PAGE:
I’ve always been comfortably confident that not one single hoarding gene hides within my DNA. I am fastidious, tidy, and minimalist — perhaps even to a fault (should you choose to subpoena the opinions of an ex or two).
I have a strict one-in / one-out rule — if something new comes into the condo, something old goes out. It’s why I’ve owned hundreds of synthesizers in my lifetime, but rarely have more than a half-dozen in my studio. It couples nicely with my “if I haven’t used it in a year, then I don’t need it” policy — which does, admittedly, sometimes result in the premature disposal of some actually useful items. But such is the price one pays for being a hoardless horseman.
To date, the only physical evidence of a possible hoarding compulsion is my camera cabinet — which I acknowledge has far more old film cameras than any one person needs. However, my willingness to sell rarely-used gear coupled with the discipline to occasionally purge the shelves of inoperable junk seems to refute that possibility.
But just this month, after decades of minimalist smugness, I’ve uncovered evidence to suggest that I might indeed suffer from a hoarding disorder — hiding (as disorders often do) in plain site.
Yes, my name is Egor, and I hoard snapshots of Tokyo.
Later this month, I’ll be travelling back to Japan — where a mere 57 weeks after my last trip, I will spend 14 days snacking my way through dozens of different neighbourhoods while snapping photos with near reckless abandon.
To a ‘normal’ person, this probably doesn’t seem like aberrant behaviour. But in light of the fact I’m one of the world’s most parsimonious photographers, it stands out as a glaring anomaly. Under non-Tokyo conditions, it can easily take me two months to spool a roll of film through a camera — and that’s if I carry it every day! Even shooting digitally, my totals rarely exceed 50 shots in a month.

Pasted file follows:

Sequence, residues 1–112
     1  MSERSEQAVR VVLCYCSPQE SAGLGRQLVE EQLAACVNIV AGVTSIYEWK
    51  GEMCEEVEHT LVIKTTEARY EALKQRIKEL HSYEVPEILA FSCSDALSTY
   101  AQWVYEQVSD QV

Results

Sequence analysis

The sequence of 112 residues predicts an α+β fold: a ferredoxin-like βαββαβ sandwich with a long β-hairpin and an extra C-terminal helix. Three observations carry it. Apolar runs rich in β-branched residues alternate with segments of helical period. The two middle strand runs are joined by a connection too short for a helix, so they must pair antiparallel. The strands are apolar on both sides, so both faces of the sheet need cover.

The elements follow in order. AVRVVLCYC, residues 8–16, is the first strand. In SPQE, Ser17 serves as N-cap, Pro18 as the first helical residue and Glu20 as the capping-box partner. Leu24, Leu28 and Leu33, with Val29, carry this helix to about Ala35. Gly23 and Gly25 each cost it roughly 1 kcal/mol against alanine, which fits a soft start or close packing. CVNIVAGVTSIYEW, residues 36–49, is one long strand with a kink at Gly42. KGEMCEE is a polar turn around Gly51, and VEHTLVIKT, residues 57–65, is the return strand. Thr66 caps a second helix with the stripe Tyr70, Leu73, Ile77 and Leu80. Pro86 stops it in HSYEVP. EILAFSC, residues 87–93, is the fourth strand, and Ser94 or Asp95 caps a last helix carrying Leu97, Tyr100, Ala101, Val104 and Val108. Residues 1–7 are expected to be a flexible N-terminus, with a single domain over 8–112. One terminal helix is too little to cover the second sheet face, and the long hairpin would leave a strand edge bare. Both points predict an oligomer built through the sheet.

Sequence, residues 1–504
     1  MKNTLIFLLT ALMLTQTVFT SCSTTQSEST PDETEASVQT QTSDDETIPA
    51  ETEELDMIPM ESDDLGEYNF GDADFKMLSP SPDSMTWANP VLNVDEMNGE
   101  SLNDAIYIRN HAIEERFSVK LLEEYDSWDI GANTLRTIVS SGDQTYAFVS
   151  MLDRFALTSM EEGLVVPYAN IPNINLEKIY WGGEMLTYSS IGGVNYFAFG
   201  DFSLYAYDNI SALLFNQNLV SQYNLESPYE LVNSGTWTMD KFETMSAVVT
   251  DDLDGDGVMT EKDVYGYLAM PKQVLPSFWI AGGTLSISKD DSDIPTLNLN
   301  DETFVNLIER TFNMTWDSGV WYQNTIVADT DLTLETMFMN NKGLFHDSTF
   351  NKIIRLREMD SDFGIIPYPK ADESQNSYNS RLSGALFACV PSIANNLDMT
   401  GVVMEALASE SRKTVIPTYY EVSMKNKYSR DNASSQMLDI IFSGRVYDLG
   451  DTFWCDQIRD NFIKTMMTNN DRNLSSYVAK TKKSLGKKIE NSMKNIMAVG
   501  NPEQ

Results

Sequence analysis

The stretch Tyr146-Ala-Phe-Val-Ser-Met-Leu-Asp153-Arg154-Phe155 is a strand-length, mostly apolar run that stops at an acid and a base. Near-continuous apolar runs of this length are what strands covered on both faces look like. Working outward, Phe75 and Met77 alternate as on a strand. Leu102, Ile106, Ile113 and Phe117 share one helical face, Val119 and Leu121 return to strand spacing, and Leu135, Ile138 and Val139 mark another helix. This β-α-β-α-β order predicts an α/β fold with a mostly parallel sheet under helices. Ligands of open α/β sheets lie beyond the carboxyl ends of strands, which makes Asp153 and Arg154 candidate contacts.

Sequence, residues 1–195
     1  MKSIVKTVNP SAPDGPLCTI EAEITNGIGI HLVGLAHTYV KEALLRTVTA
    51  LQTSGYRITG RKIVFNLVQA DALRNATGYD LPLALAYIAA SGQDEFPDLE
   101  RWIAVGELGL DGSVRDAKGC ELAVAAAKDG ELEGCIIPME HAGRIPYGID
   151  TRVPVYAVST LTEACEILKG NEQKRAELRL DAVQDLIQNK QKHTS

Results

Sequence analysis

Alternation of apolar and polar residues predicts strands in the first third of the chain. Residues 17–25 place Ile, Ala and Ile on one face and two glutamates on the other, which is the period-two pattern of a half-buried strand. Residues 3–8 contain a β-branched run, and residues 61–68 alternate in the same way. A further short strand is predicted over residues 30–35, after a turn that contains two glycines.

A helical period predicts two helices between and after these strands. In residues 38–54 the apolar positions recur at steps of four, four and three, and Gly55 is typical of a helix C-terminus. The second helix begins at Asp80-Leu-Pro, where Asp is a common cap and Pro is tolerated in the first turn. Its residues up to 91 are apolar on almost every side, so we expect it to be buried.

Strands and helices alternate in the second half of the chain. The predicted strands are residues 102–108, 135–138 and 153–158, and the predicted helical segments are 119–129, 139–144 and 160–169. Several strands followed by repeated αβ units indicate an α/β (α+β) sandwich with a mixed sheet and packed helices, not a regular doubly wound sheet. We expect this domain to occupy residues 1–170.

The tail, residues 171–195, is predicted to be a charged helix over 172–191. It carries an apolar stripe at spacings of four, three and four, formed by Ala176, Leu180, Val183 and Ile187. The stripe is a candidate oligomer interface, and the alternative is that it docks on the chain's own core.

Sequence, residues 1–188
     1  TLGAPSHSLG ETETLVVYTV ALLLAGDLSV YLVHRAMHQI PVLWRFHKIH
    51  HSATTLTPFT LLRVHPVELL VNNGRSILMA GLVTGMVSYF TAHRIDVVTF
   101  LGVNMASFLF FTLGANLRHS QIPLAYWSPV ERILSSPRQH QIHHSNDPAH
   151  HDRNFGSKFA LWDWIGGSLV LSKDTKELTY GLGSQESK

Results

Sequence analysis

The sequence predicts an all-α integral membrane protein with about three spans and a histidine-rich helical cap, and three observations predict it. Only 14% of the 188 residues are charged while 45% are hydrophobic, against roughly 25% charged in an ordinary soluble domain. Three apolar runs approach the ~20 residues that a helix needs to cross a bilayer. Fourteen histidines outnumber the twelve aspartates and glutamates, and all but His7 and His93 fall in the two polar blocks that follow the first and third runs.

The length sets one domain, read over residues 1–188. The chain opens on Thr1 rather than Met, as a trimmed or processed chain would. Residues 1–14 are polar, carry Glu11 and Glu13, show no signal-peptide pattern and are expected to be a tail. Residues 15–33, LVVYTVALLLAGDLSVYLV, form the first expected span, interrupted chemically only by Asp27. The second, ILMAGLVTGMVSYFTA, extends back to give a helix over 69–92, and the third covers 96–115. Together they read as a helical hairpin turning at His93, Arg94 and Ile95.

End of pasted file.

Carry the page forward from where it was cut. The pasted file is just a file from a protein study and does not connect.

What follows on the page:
But Tokyo? I still have unscanned slides from my 1995 visit, un-catalogued shots from my 2015 visit, and un-viewed photos from 2018. Yet here I am — going again with the singularly specific goal of collecting even more photographs from the streets of Tokyo.
But, as anxious as the local chapter of Hoarder’s Anonymous is to receive its membership dues, I’m not yet prepared to pull out my chequebook. Maybe it’s not a hoarding foible at all, but one of my other many foibles cleverly masquerading as hoarding?
A likely candidate would simply be Newton’s Second Law of Travel, which states that “the very act of being in an environment distinct from one’s own wakes the eye and triggers the shutter finger, thus resulting in a mountain of crappy photos.”
But if this were the case, any trip I take beyond Vancouver’s city limits should result in a marked increase in photographs — yet it doesn’t. It’s only Tokyo. Besides, I’m not sure I’d classify my Tokyo photos as crappy. You might. You probably even do. But I don’t.
So maybe it’s not a case of becoming ‘less selective’ when I press the shutter. Maybe it’s just that Tokyo actually speaks to the same subliminal instincts that motivate all my photographs. I rarely take photos of things that interest my eye — I take photos of things that trigger some sort of instinctual je ne sais quoi that stirs a feeling deep within.
In spite of being a very visual person and photography being an obviously visual medium, when I look at my own photos, I’m not affected by them through the usual process in which an image triggers a memory. Rather, viewing my photos kindles the identical amalgamation of thoughts, instincts and emotions that drove me to take the photo in the first place. My best photos do not act as second-hand reminders, but as first-hand stimulants.
I’ve always said that photographers should photograph themselves. Not literally — like some Instagrammer run amok in a quest for more “likes” — but figuratively. And the fact I see myself woven into the very fabric of Tokyo is probably what causes the outpouring of photos taken there. I am practicing what I preach — I am photographing myself.
Granted, maybe I’m just trying to rationalize my way out of the horrific realization that my DNA isn’t hoarding-free. Or perhaps I’m just attempting to justify another self-indulgent trip of snack ‘n’ snap happy wandering around my favourite city. More likely than not, these (and not hoarding) are the real foibles facing me… well, these and an egotistical need to make all my photos be ‘self portraits.’
©2019 grEGORy simpson
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